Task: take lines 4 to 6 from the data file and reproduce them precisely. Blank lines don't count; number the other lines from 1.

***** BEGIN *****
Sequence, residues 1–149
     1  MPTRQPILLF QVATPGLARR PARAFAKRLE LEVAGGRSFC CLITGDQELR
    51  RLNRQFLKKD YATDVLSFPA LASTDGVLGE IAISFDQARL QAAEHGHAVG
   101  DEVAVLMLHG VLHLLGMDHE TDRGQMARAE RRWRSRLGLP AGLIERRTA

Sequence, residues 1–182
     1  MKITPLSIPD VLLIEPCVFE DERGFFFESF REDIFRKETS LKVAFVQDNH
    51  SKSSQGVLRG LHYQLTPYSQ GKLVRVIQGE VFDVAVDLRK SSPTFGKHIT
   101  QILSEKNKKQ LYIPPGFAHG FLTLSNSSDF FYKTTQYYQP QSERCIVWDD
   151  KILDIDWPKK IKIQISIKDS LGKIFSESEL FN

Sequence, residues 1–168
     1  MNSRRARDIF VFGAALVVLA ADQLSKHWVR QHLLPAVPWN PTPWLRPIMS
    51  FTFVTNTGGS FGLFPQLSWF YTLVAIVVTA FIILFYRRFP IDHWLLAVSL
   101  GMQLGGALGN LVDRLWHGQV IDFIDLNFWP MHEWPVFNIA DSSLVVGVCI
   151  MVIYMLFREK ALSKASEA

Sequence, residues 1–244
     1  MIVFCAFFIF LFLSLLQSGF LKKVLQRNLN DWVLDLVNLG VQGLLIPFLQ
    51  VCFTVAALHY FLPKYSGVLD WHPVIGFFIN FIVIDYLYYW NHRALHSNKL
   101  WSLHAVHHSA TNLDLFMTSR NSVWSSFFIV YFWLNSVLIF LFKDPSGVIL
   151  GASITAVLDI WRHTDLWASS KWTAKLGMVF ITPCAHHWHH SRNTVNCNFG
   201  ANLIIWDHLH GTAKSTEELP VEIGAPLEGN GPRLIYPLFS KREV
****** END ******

   101  DEVAVLMLHG VLHLLGMDHE TDRGQMARAE RRWRSRLGLP AGLIERRTA

Sequence, residues 1–182
     1  MKITPLSIPD VLLIEPCVFE DERGFFFESF REDIFRKETS LKVAFVQDNH